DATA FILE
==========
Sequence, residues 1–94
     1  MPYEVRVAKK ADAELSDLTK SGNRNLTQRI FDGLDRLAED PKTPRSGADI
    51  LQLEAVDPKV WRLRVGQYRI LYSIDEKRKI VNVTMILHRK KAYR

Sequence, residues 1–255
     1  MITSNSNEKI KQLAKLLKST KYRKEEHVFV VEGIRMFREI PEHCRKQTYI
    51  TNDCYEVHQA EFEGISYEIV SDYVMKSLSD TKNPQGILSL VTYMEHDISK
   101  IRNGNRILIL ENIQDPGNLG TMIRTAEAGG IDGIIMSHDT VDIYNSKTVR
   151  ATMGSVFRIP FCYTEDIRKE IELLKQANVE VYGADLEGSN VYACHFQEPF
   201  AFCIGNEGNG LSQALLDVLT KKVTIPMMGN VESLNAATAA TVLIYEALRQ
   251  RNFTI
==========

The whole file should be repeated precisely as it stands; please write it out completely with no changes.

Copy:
Sequence, residues 1–94
     1  MPYEVRVAKK ADAELSDLTK SGNRNLTQRI FDGLDRLAED PKTPRSGADI
    51  LQLEAVDPKV WRLRVGQYRI LYSIDEKRKI VNVTMILHRK KAYR

Sequence, residues 1–255
     1  MITSNSNEKI KQLAKLLKST KYRKEEHVFV VEGIRMFREI PEHCRKQTYI
    51  TNDCYEVHQA EFEGISYEIV SDYVMKSLSD TKNPQGILSL VTYMEHDISK
   101  IRNGNRILIL ENIQDPGNLG TMIRTAEAGG IDGIIMSHDT VDIYNSKTVR
   151  ATMGSVFRIP FCYTEDIRKE IELLKQANVE VYGADLEGSN VYACHFQEPF
   201  AFCIGNEGNG LSQALLDVLT KKVTIPMMGN VESLNAATAA TVLIYEALRQ
   251  RNFTI